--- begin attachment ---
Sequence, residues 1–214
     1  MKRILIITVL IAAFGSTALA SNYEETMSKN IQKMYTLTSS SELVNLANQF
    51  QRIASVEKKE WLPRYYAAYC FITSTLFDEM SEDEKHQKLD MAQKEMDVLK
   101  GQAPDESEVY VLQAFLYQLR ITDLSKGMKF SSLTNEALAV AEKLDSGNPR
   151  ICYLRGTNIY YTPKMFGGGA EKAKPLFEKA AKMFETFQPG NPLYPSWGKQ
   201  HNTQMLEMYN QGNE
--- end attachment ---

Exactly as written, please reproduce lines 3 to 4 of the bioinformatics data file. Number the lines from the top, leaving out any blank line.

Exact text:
    51  QRIASVEKKE WLPRYYAAYC FITSTLFDEM SEDEKHQKLD MAQKEMDVLK
   101  GQAPDESEVY VLQAFLYQLR ITDLSKGMKF SSLTNEALAV AEKLDSGNPR